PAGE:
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World premiere of the movie "The Gathering"

World premiere of the movie "The Gathering"

Published on October 20, 2016
More than 200 people attended the world premiere of "The Gathering", a new film about death row exonerees from the U.S, screened on October 17th at the French Embassy to commemorate World Day Against the Death Penalty.

"The Gathering" follows death row exonerees at an annual gathering of Witness to Innocence, the nation’s only national death penalty abolition organization composed of and led by exonerated death row survivors. The film captures their voices and the power of their stories as well as the resilience of their family and friends.

"We saw hugs, tears and smiles. We saw many women and men, from all backgrounds, deeply moved to hear the stories of death row exonerees. They personify our ideas, our combat against the death penalty", wrote the Delegation of the European Union, who hosted the event with the French embassy, on its facebook account.

Following the film, exonerees, advocates, and diplomats participated in a discussion about the death penalty the the U.S. and around the world, moderated by Elizabeth Zitrin, President of the World Coalition against the Death Penalty. Among the panelists were Micki Dickoff, Filmmaker, Nate Fields, exonerated death row survivor from Illinois and Board Chair of Witness to Innocence, Magdaleno Rose Avila, Executive director, Witness to Innocence, Debra Milke, exonerated death row survivor from Arizona, Caroline Vicini, Deputy-Chief of Mission of the EU Delegation to the United States.

On Witness to Innocence

Witness to Innocence (WTI) was founded in 2003 by Sister Helen Prejean, internationally renowned anti-death penalty activist, author, and Nobel Peace Prize nominee, and Ray Krone, an exonerated death row survivor from Arizona who was freed due to DNA evidence. WTI is the nation’s only national death penalty abolition organization composed of and led by exonerated death row survivors.

On the documentary

Once a year the exoneree members of WTI and their loved ones come together for three days of peer support, strategy and a commitment to end the death penalty in the United States. WTI calls this convention "the Gathering", and there is no other event as important as this one to the exoneree members and their loved ones.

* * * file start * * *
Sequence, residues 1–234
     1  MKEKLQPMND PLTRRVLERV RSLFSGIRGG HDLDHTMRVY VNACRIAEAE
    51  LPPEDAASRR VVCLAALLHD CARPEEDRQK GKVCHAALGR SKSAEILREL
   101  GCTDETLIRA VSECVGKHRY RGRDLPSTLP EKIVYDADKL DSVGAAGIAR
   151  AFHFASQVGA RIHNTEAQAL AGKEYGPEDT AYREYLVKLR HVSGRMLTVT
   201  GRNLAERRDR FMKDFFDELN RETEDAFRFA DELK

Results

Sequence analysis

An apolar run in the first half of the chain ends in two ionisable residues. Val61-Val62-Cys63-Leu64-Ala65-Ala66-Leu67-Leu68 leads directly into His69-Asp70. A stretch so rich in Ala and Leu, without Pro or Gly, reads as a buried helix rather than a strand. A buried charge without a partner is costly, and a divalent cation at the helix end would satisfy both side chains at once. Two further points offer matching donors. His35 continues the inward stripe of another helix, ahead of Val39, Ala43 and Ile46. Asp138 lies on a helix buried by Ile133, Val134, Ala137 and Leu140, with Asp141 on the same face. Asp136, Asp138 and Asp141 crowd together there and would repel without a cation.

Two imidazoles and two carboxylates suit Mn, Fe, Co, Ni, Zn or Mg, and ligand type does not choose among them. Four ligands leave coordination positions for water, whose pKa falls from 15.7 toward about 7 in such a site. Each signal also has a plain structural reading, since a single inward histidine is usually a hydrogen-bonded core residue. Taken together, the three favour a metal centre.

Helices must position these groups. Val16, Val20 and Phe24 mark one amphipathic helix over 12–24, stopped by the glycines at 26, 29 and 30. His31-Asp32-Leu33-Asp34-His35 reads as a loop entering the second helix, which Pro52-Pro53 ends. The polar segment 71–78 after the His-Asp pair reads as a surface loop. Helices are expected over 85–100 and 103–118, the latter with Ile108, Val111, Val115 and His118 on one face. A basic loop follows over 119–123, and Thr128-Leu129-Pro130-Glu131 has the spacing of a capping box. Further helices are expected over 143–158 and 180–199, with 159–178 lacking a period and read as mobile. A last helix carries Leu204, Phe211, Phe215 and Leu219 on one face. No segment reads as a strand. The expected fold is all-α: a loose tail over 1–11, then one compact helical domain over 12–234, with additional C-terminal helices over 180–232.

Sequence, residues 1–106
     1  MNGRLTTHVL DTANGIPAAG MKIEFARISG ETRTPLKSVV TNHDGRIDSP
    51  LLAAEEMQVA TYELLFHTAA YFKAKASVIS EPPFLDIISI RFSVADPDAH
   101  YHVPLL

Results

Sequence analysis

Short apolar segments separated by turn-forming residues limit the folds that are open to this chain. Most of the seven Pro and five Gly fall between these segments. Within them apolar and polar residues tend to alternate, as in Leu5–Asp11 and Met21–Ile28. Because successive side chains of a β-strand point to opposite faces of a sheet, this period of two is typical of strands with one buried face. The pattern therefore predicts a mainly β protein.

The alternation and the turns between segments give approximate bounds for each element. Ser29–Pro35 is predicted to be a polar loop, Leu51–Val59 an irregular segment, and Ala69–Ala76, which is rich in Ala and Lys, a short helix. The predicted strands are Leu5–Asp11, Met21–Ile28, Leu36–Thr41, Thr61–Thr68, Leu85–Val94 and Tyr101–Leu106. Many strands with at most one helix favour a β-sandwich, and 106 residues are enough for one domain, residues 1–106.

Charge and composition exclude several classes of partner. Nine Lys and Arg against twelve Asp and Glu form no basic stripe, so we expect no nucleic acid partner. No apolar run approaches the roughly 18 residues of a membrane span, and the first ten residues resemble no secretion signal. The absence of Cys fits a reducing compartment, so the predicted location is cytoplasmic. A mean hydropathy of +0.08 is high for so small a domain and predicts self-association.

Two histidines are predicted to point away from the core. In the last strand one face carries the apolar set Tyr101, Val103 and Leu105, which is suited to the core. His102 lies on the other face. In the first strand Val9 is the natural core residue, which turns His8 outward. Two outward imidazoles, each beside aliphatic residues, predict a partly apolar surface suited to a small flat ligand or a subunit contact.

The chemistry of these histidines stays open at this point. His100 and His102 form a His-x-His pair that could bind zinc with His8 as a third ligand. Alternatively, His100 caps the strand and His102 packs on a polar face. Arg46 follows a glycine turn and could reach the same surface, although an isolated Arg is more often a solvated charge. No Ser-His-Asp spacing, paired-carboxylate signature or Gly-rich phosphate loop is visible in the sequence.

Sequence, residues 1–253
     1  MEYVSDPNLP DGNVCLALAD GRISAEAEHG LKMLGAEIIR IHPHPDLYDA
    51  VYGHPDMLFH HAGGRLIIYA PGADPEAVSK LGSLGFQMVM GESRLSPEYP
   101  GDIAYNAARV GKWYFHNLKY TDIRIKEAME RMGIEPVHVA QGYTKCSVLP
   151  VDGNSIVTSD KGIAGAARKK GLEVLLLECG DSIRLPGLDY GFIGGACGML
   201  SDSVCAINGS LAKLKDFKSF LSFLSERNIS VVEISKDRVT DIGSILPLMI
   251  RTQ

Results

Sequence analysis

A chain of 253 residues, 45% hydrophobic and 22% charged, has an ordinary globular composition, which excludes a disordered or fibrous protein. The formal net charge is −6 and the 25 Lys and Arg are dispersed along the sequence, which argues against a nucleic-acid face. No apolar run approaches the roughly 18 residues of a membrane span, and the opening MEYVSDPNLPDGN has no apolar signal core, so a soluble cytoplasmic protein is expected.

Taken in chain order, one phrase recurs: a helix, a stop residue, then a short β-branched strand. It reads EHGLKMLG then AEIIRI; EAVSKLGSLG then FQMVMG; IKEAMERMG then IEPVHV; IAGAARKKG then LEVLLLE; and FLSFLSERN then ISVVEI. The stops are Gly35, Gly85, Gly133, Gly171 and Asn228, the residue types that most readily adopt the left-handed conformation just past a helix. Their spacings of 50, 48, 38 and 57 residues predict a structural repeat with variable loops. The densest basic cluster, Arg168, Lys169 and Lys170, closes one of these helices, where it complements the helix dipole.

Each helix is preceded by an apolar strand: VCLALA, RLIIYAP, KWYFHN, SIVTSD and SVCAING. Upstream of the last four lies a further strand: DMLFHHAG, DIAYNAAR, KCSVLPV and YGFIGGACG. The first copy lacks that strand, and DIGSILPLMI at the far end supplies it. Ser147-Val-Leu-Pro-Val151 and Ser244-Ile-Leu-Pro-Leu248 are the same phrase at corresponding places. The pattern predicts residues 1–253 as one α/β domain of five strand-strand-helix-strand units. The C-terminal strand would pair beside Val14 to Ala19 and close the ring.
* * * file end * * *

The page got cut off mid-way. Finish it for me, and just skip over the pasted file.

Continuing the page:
For three days exonerees have an opportunity for healing as they engage with other death row survivors through peer support and solidarity. The suffering of a wrongful conviction of death takes an enormous toll on the exonerees, and WTI is the only organization that provides this type of support in the country. The injustice suffered by these courageous men and women compels them to be warriors against the death penalty.

Filmmaker Micki Dickoff and photographer Roni Ziemba captured the voices and power of the exonerees in this 24-mn documentary whose World Premiere took place during this event jointly organized by the Delegation of the European Union to the U.S. and the Embassy of France in the U.S. The film tells the story of WTI death row survivors and their families.

On the filmmaker

Emmy award-winning filmmaker Micki Dickoff has made social justice films for four decades. Her films have addressed AIDS, human rights, racism, poverty, the justice system and death penalty.
Micki’s critically acclaimed work has screened at festivals worldwide, on national and international television and in theaters. Her films include documentaries Neshoba: The Price of Freedom and Too Little, Too Late, and dramas Mother, Mother and In the Blink of an Eye.

Micki participated in the American Film Institute’s Directing Workshop for Women, the American Documentary Showcase, and was nominated for the Humanitas Prize for her civil rights film, Neshoba.

On exonerees who spoke in the panel

Nathson "Nate" Fields spent 20 years in prison in Illinois, including 11 years on death row, for a murder he did not commit. The judge in Nate’s case took a $10,000 bribe to rig the outcome of the trial. The judge went to prison for 13 years and Nate’s conviction was overturned when the corruption was uncovered. Nate is now serving as the Board Chairman of Witness to Innocence.

Debra Milke spent 23 years on death row in Arizona after being wrongfully convicted of killing her 4-year old son. She was released from prison in 2013 and an Arizona state appeals court ordered the dismissal of murder charges against her in 2014. Debra is one of two female exonerated death row survivors in the United States and she is an active member of Witness to Innocence.

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